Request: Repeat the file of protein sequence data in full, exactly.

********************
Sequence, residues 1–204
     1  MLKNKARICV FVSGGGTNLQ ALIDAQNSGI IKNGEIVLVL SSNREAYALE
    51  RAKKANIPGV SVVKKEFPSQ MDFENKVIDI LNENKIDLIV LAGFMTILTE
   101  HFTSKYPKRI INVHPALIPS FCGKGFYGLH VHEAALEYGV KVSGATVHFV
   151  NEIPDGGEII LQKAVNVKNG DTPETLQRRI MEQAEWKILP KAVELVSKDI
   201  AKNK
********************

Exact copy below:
Sequence, residues 1–204
     1  MLKNKARICV FVSGGGTNLQ ALIDAQNSGI IKNGEIVLVL SSNREAYALE
    51  RAKKANIPGV SVVKKEFPSQ MDFENKVIDI LNENKIDLIV LAGFMTILTE
   101  HFTSKYPKRI INVHPALIPS FCGKGFYGLH VHEAALEYGV KVSGATVHFV
   151  NEIPDGGEII LQKAVNVKNG DTPETLQRRI MEQAEWKILP KAVELVSKDI
   201  AKNK